Direct Shipping is Not a Zero-Sum Game

Sovos | April 2, 2020

By: Jason Haas

Jason Haas is the second generation proprietor at Tablas Creek Vineyard, the pioneering Rhone specialist in Paso Robles, California. In addition to his work overseeing the operations there, he serves on the board of directors of the Paso Robles Wine Country Alliance, Rhone Rangers, and Free the Grapes.

 

Back in 2017, I was having lunch in Boston with a key account manager from our Massachusetts distributor. We were talking about what I’d done on my previous visit, which included a really cool dinner at (sadly now closed) Blue Ginger that had such a large consumer response that they had to move the dinner into a larger room.

I also conducted a sold-out tasting seminar at the terrific retailer Gordon’s in Waltham. I mentioned that we’d sent news about the events out to our mailing list and wine club members, and that I thought this was a big reason why we’d gotten such a good turnout for the events. His response took me by surprise, though it shouldn’t have. He said, “I know, we oppose direct shipping, but I guess it can have its uses.”

The conversation was a great reminder about how misunderstood direct shipping is among many actors in the wholesale market, and how short-sighted their opposition to it is. After all, our wholesale business in Massachusetts was up 38% that year, and rose sharply in 2015 after nearly a decade of essentially flat sales. Our Massachusetts wholesaler sold 34% more wine in 2017 than in 2014. Most businesses would kill for this sort of performance. So, what turned things around?

I would submit that the biggest factor was that in February of 2015, a new law brought Massachusetts into the growing majority of states that allow direct-to-consumer shipping of wine.

At first, it seems counterintuitive that opening up a state to shipments of wines from wineries in other states should help the sales of that winery’s wholesaler. Doesn’t each sale offset another in-state sale? Not really. Here’s why the ability for a winery to ship to a state should generally increase their wholesale sales there:

A Pattern That Can’t Be Ignored

Whatever the reason or combination of reasons, Massachusetts isn’t the only state where we’ve seen wholesale sales increase in the aftermath of the state opening to direct shipping. It has happened again and again. Between 2006 and 2018, our wholesale sales rose an average of 3% per year. Check out how much some of the larger states (that opened to direct shipping over that period) grew in the first two years after they allowed direct shipping. The year that we started shipping to each is in parentheses:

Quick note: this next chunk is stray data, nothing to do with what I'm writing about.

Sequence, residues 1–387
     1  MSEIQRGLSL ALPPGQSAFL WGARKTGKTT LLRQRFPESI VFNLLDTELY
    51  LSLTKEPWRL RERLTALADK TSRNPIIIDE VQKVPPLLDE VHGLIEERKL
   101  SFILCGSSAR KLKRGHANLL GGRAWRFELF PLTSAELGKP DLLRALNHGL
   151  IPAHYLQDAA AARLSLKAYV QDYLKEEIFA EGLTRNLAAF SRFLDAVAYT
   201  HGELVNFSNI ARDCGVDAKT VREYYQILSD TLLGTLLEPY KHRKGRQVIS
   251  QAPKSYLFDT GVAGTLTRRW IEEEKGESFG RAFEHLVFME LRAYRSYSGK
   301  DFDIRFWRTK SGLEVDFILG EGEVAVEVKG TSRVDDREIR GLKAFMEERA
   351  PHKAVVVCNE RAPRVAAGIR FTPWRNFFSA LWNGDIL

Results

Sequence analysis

The average two-year increase in our wholesale sales post-direct shipping in these eleven states was 67%. Why was Florida the one state to decline? I didn’t realize it had, until I pulled this data. But I have a few guesses. First, it’s a state from which we see relatively few visitors, at least for the size of its population. It’s also a state with a very spread-out population, where (unlike, say, in New York or Washington, D.C.) it’s hard to schedule events in places that are central to a collection of mailing list members. We also struggled to set up good consumer events in our early years there, so I doubt we were able to leverage or build our mailing list particularly efficiently. Still, the rest of the states show a pretty strong trend, and given that Florida has grown steadily in recent years and is currently our #4 state for wholesale sales, I don’t think the one data point invalidates the other 10.

Is there any guarantee that this post-direct-shipping boom in wholesale sales will last indefinitely? Of course not. Any market is subject to ups and downs that have little to do with your number of fans in the market, and most wineries have a finite amount of time and personnel to make visits to markets around the country. But I think the data is pretty clear that the ability to sell direct is not death knell for wholesale sales, and in fact is likely to tip the scales in favor of your wholesale efforts.

And this should be intuitive. If you’re a California winery, you likely sell a disproportionate amount of your wine in California. At Tablas Creek, California routinely makes up between 50% and 55% of our total annual wholesale sales, more than double the percentage of the national wine market that it represents. And this happens against the background that two-thirds of our wine club members live here.

Coincidence? I think not.